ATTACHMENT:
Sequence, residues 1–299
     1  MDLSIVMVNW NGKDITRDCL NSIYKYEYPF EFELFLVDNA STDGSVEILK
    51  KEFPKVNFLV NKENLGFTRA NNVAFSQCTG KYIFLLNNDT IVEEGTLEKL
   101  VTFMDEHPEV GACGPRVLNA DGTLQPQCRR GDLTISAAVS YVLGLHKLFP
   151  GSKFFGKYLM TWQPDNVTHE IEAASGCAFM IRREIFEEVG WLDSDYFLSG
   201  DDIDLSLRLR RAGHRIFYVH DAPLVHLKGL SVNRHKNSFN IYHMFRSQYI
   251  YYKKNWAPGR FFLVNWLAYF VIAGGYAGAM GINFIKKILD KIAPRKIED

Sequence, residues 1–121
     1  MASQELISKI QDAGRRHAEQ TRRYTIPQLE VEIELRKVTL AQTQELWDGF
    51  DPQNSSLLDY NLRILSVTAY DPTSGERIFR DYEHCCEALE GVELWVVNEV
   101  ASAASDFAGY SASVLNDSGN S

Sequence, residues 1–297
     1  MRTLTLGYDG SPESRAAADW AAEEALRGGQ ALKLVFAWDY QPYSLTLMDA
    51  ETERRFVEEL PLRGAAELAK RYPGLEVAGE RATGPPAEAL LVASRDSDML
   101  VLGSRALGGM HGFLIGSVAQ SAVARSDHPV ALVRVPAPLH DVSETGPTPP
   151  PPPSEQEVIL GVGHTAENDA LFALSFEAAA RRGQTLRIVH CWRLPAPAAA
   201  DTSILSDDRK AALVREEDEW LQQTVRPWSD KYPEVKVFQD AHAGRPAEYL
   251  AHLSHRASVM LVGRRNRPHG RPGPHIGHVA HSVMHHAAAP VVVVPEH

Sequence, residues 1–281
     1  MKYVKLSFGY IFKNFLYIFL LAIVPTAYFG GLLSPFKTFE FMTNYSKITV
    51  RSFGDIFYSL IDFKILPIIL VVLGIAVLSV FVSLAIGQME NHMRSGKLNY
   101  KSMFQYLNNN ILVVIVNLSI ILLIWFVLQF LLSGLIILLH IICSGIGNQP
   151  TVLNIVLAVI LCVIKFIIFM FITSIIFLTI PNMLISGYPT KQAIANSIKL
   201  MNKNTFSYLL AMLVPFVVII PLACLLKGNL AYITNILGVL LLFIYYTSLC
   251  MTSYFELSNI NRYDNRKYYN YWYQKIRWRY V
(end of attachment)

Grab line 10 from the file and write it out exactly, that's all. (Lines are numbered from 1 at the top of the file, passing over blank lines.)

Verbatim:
    51  DPQNSSLLDY NLRILSVTAY DPTSGERIFR DYEHCCEALE GVELWVVNEV